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This article was published on April 22, 2011

    Baidu urged to overhaul online library, compensate authors

    Baidu urged to overhaul online library, compensate authors
    Francis Tan
    Story by

    Francis Tan

    Francis Tan is the Asia editor of TNW, who is based in the Philippines. He is particularly interested in Asian Internet startups, social me Francis Tan is the Asia editor of TNW, who is based in the Philippines. He is particularly interested in Asian Internet startups, social media and e-commerce. Get in touch with him via Twitter @francistan or Email [email protected].

    According to China Daily, China’s copyright authorities are urging Baidu to come up with a plan to properly overhaul its online literary database as the long-standing copyright dispute between the company and about 40 Chinese writers continues.

    Yan Xiaohong, vice-director of the National Copyright Administration and deputy head of the General Administration of Press and Publication, said at a press conference:

    “Baidu’s free literary database is not a good business model because lots of works within that database have not been authorized by writers.”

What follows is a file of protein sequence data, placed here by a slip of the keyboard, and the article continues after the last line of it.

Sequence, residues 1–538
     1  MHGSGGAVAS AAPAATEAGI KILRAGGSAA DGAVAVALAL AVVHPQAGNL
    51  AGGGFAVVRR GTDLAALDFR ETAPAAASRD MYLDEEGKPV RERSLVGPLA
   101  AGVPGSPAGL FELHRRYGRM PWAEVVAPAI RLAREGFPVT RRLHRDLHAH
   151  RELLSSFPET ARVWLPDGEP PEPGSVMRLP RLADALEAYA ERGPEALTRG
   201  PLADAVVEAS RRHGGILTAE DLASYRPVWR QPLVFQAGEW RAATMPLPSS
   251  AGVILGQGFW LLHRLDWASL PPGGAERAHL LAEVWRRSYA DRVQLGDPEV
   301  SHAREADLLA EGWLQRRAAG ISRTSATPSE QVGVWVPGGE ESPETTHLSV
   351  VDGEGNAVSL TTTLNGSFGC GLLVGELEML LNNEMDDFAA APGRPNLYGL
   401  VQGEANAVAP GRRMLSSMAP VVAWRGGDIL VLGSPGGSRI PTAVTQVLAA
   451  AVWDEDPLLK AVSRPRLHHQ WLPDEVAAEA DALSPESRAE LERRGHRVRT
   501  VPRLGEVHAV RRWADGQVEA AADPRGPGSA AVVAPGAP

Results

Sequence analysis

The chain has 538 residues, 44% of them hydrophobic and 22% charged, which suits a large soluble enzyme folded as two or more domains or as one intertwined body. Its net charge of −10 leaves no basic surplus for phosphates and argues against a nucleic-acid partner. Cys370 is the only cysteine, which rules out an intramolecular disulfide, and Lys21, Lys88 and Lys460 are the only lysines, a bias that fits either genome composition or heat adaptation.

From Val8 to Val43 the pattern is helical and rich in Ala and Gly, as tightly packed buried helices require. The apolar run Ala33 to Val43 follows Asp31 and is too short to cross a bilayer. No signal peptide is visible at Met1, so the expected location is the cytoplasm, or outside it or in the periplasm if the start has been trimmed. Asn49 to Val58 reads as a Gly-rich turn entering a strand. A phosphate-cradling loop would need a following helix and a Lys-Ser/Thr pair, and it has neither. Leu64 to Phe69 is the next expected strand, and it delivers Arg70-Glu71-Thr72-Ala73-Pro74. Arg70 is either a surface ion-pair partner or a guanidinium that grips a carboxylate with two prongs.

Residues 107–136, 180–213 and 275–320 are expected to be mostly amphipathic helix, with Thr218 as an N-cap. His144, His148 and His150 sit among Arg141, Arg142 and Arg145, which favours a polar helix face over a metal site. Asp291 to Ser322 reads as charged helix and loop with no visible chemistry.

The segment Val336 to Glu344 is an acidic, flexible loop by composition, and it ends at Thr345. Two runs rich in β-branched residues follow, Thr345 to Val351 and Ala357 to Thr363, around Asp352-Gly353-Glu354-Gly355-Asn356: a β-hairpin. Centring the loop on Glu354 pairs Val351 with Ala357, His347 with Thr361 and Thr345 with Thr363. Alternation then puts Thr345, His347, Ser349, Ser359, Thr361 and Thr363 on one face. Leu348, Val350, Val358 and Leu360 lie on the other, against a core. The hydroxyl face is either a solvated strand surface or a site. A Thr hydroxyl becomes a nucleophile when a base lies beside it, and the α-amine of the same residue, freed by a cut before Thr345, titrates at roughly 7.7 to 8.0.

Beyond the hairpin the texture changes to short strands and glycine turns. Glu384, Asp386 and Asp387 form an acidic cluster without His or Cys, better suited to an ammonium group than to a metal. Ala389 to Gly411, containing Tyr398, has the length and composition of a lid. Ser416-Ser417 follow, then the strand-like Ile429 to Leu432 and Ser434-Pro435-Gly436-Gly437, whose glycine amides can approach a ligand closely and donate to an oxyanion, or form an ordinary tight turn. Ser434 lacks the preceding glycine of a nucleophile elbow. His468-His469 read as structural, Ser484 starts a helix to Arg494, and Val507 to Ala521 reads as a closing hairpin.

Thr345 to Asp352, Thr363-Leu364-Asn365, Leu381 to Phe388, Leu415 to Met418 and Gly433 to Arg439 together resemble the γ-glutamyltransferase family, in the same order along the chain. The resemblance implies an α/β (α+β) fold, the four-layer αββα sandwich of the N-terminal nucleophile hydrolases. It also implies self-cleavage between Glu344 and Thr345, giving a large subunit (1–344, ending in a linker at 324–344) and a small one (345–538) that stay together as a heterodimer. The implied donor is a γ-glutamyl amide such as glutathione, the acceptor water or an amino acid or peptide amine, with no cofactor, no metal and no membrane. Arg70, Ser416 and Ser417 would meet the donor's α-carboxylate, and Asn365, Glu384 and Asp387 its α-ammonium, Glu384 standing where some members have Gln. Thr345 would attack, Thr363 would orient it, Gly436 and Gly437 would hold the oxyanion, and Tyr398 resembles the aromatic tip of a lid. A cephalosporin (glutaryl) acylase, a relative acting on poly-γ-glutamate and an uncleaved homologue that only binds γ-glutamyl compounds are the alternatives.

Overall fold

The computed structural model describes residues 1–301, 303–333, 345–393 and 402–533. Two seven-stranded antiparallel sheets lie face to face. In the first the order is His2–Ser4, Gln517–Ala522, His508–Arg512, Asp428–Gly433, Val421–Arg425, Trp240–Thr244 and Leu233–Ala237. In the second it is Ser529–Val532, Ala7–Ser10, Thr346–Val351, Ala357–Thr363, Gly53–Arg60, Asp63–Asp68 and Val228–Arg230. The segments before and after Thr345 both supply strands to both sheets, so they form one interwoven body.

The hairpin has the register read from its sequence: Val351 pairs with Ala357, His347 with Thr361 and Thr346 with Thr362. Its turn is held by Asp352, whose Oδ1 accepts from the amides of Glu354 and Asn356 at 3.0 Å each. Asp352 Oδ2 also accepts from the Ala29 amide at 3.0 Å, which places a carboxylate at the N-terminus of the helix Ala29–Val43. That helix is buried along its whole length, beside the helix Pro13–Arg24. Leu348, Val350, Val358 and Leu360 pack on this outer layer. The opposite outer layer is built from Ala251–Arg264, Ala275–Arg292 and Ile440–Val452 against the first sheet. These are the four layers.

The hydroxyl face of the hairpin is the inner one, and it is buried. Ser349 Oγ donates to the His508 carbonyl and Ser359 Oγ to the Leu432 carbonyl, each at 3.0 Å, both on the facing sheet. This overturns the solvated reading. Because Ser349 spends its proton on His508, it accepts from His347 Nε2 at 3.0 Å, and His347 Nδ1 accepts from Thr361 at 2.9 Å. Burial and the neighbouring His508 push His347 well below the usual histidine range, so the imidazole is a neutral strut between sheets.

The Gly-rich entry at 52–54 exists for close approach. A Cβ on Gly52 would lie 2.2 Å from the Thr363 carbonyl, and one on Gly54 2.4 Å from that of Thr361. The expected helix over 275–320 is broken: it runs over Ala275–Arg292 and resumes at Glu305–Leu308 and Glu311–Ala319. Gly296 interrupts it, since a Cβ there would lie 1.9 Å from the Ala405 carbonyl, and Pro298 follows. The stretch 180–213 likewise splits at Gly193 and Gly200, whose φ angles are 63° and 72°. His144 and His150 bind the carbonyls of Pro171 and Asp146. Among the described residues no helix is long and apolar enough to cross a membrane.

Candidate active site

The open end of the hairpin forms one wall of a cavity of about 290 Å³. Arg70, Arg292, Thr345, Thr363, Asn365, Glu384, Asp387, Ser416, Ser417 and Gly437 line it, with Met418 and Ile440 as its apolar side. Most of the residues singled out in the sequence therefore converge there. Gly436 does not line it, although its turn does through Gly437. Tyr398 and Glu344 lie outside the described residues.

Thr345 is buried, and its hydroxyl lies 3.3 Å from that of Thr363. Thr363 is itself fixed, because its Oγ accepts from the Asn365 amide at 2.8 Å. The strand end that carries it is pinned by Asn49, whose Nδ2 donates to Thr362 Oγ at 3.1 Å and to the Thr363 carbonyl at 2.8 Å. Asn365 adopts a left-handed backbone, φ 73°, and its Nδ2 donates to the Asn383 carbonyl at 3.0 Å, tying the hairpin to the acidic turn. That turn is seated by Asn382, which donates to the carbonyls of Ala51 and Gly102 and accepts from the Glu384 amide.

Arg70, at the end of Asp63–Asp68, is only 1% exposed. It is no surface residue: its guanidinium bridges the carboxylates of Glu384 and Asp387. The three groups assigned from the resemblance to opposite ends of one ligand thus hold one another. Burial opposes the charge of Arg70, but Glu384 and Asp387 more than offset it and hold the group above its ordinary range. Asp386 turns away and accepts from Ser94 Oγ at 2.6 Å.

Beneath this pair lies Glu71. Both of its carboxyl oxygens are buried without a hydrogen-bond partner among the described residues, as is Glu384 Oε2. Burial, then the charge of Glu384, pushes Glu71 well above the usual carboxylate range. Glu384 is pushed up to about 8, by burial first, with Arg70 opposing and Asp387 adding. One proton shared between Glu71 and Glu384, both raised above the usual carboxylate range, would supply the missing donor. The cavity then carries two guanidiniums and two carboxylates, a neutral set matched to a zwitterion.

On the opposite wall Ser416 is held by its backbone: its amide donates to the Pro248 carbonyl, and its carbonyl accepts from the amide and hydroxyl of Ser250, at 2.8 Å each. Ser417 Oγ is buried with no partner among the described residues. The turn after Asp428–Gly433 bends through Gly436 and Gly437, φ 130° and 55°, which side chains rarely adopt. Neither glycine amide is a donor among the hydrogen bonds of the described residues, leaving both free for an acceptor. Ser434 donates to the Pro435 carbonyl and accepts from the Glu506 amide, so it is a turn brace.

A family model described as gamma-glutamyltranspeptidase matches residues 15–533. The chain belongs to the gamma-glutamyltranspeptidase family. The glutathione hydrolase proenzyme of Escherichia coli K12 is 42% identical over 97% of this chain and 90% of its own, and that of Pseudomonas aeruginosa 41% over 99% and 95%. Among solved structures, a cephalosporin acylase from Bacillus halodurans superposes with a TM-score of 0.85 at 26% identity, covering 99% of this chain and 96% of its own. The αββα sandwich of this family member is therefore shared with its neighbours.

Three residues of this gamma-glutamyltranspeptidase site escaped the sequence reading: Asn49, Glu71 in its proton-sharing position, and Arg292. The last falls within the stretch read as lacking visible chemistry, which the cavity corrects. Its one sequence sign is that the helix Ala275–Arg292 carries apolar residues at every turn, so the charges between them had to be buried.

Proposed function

Despite the company’s efforts to implement a new anti-piracy technology for online books and documents, it is already being urged by the authorities to overhaul its database by removing all unauthorized literary works from its database and establishing a revenue-sharing model that will ensure copyright owners receive a share of the proceeds from their work.

    The very nature of Baidu’s free user-generated library, combined with its massive user base makes it difficult for anyone (including Baidu itself) to monitor the collection for copyright infringement. Qian Jun, a lawyer who specializes in Internet copyright infringement cases, notes that Baidu should be liable because it would be eternally difficult for the authors themselves to go after individuals who pirate their work.

    The dispute between Baidu and the writers has indeed set an example that highlights the rising public awareness of intellectual property rights in China. A good sign for the creative minds living a country that is notorious for copyright infringing goods.